Today is World Day Against the Death Penalty, and major European officials used the opportunity to mark 14 years without a judicial execution on European soil. More so, they lamented the 58 countries which still retain the death penalty worldwide — most notably, the United States.
This occasion could strike a nerve with the U.S. — especially those who passionately debated the execution of Troy Davis. In fact, European nations still find the death penalty to be a controversial topic — but their ability to see past the debate and build a legal system on logic, not feelings, is commendable.
For all the self-congratulations, Europe also finds the death penalty a contentious and controversial topic. Those who believe Europeans are fundamentally opposed to the death penalty are wrong. Polling varies, but even the most optimistic picture is that the European public has mixed feelings about executing certain types of criminals.
Some polls seem to show a net support for reinstating the death penalty, with a dividing line drawn between an anti-capital punishment Western Europe and a pro-capital punishment Eastern Europe. In far-right newspapers, absurdly high support for the death penalty can be found, and it is also understood that those who have been victims of crime increase their support for the death penalty substantially.
The debate for many revolves around the idea of justice: Does life-time imprisonment equate to the severity of murder or other potentially capital crimes? In many respects, those who argue imprisonment is “punishment enough” are not always intellectually honest.
For instance, when the Lockerbie Bomber was controversially released from Scottish prison, Europeans joined the chorus of opposition. The fact that Libyan Abdelbaset Ali al-Megrahi was diagnosed with terminal cancer — and thus eligible for release — didn’t satisfy pundits, who essentially wished that al-Melgrahi’s 2001 conviction would put the criminal out-of-sight forever. In other words, they wanted his life sentence to serve essentially as an execution; his release on humane grounds exposed their hidden pro-execution logic.
So how has Europe managed to resolve its death penalty debate?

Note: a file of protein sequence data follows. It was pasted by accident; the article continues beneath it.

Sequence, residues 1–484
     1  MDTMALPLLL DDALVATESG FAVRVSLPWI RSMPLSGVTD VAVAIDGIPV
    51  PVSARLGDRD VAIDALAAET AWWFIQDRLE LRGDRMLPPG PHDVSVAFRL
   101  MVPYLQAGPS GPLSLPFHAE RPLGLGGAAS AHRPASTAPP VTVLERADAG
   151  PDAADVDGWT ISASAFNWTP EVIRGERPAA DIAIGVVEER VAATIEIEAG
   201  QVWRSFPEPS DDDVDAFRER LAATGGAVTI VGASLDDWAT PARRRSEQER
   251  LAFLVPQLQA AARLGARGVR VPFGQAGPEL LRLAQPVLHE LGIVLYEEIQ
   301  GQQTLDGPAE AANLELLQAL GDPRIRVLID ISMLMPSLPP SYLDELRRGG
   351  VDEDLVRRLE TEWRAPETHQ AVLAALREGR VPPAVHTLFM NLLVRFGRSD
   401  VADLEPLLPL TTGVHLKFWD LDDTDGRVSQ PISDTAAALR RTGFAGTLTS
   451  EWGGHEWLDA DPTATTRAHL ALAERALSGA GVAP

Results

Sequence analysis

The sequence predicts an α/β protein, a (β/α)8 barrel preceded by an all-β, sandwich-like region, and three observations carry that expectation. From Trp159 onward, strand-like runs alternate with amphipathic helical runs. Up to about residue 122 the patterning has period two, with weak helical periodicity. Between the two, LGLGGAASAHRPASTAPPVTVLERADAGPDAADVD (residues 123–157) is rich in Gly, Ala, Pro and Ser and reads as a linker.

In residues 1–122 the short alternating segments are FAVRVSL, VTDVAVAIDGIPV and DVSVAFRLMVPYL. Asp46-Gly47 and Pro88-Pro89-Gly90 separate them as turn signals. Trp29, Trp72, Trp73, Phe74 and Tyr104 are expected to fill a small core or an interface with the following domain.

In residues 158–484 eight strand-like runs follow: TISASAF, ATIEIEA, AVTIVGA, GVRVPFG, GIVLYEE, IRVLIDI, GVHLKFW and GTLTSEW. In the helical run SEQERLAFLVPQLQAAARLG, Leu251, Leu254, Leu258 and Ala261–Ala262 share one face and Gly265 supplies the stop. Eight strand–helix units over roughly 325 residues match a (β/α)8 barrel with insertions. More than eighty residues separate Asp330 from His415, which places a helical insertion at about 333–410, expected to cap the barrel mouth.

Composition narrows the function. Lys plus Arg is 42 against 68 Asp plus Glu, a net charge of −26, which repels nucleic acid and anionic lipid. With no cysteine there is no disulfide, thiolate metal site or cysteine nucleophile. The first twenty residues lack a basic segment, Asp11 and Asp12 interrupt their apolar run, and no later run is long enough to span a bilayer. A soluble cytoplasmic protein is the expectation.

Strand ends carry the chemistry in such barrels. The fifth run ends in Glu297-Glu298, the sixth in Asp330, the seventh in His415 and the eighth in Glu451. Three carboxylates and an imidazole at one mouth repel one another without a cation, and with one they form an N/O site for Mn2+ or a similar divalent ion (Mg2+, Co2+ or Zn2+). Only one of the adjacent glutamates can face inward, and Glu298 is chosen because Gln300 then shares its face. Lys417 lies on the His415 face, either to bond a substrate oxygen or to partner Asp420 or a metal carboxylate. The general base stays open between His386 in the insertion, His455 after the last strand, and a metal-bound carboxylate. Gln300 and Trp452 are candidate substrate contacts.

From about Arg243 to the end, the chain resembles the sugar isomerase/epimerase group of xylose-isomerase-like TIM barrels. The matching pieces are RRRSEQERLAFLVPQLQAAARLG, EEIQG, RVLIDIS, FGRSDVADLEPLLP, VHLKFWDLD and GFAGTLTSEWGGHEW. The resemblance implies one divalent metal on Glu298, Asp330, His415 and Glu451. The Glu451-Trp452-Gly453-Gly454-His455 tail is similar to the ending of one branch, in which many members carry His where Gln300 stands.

Primarily by acknowledging that the very fact that the death penalty is so emotive justifies its abolition. Public opinion is not how a legal system works — public judgment and court-based justice are different things. Law is not supposed to be emotional.
Moreover, European legal systems turned against capital punishment after high-profile convictions were found to have been unsafe or flat-out incorrect after the fact. If a legal system maintains someone is innocent until proven guilty, it has to maintain that a legal judgment could be over-turned at a later date. Executions, unlike judgments, cannot be undone, so are justifiably prohibited.
Finally, the European model of abolishing capital punishment has clear human rights logic. That is, the European abolition of capital punishment reflects the recognition that the emotional feelings behind capital crimes can distort justice. A system that allows justice to be distorted by emotion is not abiding by the human rights principle of fair treatment for all.
It is thus down this legal path that Europeans, despite their internal disagreements, resolved to abolish the death penalty. The emotions that capital crimes evoke are understandable, and a desire for justice natural. But emotional law is bad law. Perhaps there is something to be taken from this European experience in the ongoing U.S. debate.
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